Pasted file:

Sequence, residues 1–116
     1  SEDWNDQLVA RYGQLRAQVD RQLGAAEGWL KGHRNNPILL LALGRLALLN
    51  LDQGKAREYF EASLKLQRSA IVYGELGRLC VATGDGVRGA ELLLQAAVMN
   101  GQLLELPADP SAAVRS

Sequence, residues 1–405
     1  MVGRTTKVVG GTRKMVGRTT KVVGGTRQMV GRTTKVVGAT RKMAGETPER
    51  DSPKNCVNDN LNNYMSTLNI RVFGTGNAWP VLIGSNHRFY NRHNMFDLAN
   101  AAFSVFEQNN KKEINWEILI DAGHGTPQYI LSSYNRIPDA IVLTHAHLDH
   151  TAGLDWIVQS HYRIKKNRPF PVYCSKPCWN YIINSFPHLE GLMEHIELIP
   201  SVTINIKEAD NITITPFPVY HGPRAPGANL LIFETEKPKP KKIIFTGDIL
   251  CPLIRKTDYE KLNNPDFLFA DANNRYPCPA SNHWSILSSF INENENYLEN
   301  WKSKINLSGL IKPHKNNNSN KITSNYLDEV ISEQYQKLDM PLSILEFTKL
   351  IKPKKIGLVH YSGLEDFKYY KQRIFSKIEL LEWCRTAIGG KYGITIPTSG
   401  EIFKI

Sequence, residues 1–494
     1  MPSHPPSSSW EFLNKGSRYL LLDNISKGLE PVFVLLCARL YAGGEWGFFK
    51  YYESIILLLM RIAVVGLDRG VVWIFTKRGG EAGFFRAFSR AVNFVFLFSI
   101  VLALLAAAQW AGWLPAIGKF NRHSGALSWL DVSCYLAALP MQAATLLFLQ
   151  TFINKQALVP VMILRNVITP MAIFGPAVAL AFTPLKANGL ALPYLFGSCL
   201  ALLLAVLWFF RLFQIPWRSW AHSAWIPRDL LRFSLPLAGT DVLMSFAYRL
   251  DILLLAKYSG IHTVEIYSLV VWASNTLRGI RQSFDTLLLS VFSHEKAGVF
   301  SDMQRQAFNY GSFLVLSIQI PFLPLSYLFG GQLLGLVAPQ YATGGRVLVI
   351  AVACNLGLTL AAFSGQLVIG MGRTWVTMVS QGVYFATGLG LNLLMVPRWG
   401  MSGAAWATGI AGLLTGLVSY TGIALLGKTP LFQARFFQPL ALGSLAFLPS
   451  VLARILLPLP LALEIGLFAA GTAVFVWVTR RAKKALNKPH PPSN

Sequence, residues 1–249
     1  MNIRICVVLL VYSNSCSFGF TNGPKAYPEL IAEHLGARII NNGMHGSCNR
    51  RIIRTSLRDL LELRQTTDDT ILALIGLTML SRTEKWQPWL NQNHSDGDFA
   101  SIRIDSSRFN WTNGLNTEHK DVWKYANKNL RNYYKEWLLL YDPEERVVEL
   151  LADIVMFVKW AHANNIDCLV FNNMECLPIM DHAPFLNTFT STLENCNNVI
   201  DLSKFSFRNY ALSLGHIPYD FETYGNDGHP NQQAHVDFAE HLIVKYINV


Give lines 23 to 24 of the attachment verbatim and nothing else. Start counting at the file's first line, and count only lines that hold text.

   351  AVACNLGLTL AAFSGQLVIG MGRTWVTMVS QGVYFATGLG LNLLMVPRWG
   401  MSGAAWATGI AGLLTGLVSY TGIALLGKTP LFQARFFQPL ALGSLAFLPS